“In the end, I replaced the transcritical system and went back to the more traditional CO2 cascade system,” Soang says.
“The [transcritical CO2 system] was pioneering – so with it came issues,” he explains.
“From what I've seen now, we're starting to realise that maybe we were just ahead of the curve, that's all.”
“The savings on the running costs and the operating efficiencies are such that [CO2 transcritical is] where the future is going to take us over the next few years." - Bob Soang, Drakes Supermarkets
The return of transcritical
Witnessing the potential of CO2 at first hand convinced Soang to move forward with subcritical CO2 cascade systems for the next ten years, building confidence and experience in using the technology along the way.
“Once we got the confidence that the systems work, we were quite happy to roll them out one after the other.”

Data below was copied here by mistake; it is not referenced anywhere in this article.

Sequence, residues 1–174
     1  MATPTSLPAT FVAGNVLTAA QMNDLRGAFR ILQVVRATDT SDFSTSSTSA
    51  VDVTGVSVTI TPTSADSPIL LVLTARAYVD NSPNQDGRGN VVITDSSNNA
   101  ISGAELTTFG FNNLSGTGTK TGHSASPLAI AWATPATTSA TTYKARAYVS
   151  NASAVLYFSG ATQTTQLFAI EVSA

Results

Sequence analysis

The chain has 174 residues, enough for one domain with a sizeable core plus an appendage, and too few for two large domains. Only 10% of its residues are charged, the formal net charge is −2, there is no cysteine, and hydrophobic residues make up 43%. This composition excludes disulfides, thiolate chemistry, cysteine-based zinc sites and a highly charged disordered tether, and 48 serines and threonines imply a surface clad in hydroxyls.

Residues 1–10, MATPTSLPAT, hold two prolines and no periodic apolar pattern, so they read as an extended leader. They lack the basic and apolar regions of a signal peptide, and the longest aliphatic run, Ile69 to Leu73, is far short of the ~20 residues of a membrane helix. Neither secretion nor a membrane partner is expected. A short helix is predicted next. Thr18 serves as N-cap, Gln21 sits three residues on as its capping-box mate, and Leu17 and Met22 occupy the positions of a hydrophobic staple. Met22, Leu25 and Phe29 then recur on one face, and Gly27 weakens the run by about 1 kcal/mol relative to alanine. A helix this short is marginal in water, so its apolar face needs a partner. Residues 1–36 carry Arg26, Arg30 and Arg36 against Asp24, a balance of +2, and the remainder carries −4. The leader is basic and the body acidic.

Since 2007, Drakes has installed subcritical CO2 cascade systems at 14 store locations.
“When we first started with CO2 and it was transcritical, it was a problem,” Soang admits.
“But from that day onwards, we've had no problems with the technology. The [subcritical] CO2 systems have worked brilliantly.”
Not only were the subcritical CO2 systems running reliably, but they were also delivering 10-15% savings on running costs compared to Drakes’ standard HFC-based systems.
In the intervening years, Soang has been closely watching the level of transcritical CO2 technology improve rapidly year on year.
The improvements in technology and design, combined with the promise of even further energy savings, have driven Drakes to take a second look at transcritical CO2.
“Now, I've got to say, transcritical has raised its head again and there is a lot more modern technology that's now making us reconsider our position on transcritical CO2.”
Indeed, Drakes has already taken action, with the scheduled openings of the three new transcritical CO2-based stores. Soang is expecting a further 10% energy savings.
“Now I know that the transcritical systems will be even more efficient than the current cascade systems that we've been using,” he says.
“They are still CO2 but just more efficient CO2, because the technology is more efficient.”
To read the complete, original version of this article in Accelerate Australia/NZ magazine, click here.